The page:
When you’re launching a new venture, budgets can be tight and there are always unforeseen costs that can make even the best-laid plans go awry. But the only way a small business can survive is if it’s generating a profit, and there are a few things which can eat away at your income without you even realising. Here are some of the surprising ways you could be losing money in your new company without even noticing, and how to combat them.
Understanding your numbers is critical for business success. If you don’t know how much money is coming in and going out of your bank account, how can you possibly know if you’re moving in the right direction? Running a business is a complex task and there’s no room for inaccurate accounting, yet so many entrepreneurs make the mistake of neglecting proper accounting practices.
For example, if you’re slow to track transactions or you’re mixing up numbers and recording items in the wrong place, it can have devastating consequences for your business. If you can’t handle the accounting yourself, it’s worth the investment to have a professional take care of it for you to avoid any issues in the future and ensure you stay organised.
A large percentage of small businesses don’t take full advantage of HMRC-approved tax breaks or claim relevant tax credits that could save them a considerable amount of money. For example, businesses eligible for Research and Development credits could claim thousands of pounds, and more companies are eligible than many realise. Similarly, “many businesses are unaware that they may be entitled to claim tax relief against a proportion of the purchase consideration of a commercial property”, explains one leading accountancy firm.
In fact, there are numerous areas of running a business that could be made cheaper simply by doing your research into the tax breaks available, or working with an accountant to uncover the areas where your business could recoup some of its costs. The change to your yearly profits could be significant and may well spell the difference between losing money and a successful year.
These days, it’s hard to find someone who isn’t online in some capacity. But often, in a bid to reach digital customers, companies overspend on their digital marketing. Worse still, they may be spending in areas that don’t deliver the necessary ROI to turn that investment into profits. PPC ads and similar marketing tactics are effective, but they can quickly spiral and become costly. Start-ups, in particular, should focus their attention on organic search and developing valuable content for their customers to transform their website to a go-to resource. While arguably more time-consuming, it’s a cost-saving measure that can result in higher conversions and ultimately higher profits if carried out correctly.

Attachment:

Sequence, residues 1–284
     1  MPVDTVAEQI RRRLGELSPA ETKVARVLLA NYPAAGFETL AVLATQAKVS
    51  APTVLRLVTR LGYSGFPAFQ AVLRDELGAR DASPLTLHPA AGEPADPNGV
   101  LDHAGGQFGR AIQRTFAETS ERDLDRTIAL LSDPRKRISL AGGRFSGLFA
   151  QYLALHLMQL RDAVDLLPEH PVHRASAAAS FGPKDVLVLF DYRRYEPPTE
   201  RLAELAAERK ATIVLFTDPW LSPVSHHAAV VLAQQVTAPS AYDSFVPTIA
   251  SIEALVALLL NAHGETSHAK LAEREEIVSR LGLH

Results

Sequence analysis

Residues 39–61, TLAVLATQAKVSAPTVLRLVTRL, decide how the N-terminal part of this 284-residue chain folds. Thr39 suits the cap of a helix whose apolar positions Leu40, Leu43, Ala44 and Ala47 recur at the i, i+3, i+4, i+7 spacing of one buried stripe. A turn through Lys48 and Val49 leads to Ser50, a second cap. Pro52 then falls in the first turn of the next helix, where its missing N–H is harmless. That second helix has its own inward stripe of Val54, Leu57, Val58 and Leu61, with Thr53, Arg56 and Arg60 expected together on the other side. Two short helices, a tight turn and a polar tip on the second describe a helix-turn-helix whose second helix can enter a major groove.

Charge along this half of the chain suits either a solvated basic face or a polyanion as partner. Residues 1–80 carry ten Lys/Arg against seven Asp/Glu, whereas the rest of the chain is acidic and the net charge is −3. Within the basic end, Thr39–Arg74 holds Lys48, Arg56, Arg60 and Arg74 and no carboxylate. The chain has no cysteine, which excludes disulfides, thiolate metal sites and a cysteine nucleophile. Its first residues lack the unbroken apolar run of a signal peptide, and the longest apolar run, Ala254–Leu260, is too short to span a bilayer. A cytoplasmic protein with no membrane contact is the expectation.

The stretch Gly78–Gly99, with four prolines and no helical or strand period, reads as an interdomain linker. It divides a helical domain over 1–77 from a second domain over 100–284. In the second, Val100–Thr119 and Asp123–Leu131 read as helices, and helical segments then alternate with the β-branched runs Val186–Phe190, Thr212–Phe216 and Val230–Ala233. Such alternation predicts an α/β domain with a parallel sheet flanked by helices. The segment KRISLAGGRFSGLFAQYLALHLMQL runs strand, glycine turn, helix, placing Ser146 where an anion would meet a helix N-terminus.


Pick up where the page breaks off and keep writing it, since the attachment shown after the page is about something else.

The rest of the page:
A cardinal sin of the business world is using your personal bank account for business expenses, yet it’s something that so many business owners continue to do. But what you may not realise is that combining your accounts could result in you losing money in the future should things in your company not go to plan. When you and your business share funds, the numbers can very quickly become muddied, and it’s difficult to know what money is actually yours to spend.
If a personal emergency arises that requires a large sum of money, how do you know that you’re not spending from your business account unwittingly? Your business could wind up losing money because you’re not in control of your personal and business finances. Switching to a business bank account is a simple and quick task, but one that could keep your budget in check further down the line.
If you’re not pricing your products or services correctly, you could be losing a huge amount of money over the course of each year and it could impact your ability to scale up. Price yourself too high, without justification, and fewer people are going to part with their money. But if you’re too cheap, it could hinder your reputation and also means you’ll be making a fraction of the potential profit.
Market analysis is essential to understand:
Your decision-making should always be backed by data, rather than assumption, whether that’s online research, data from credible sources such as YouGov and the Office for National Statistics, or even your own surveys and research. You might also consider changing the business model you’re using. For example, if you charge per project, you could find that this way of charging for your services is impacting your ROI in a negative way.
Whether you launch your business from a fully-fledged office or you’re working with a completely remote team, there are always administrative costs to contend with. From utilities and Wi-Fi to printing and mailing costs or office supplies, these costs can deplete your profits if you’re not careful.
It’s all too easy to take these expenses for granted as just something you have to deal with as a business owner. And while that is the case in some areas, the reality is there are often ways to cut back without it affecting your progress. Be sure to keep an eye on the budget when you’re launching a start-up or you might find you’re paying over the odds due to carelessness.
There’s no denying that launching a business is hard work and requires someone willing to overcome challenges. But ultimately the goal is to make a profit and if you’re not paying close attention to these common mistakes, you could wind up hindering your success and your profits by losing money unnecessarily. The reality is that financing can make or break a new business, so be cautious of the above areas so you’re not at risk of spending more than you need to.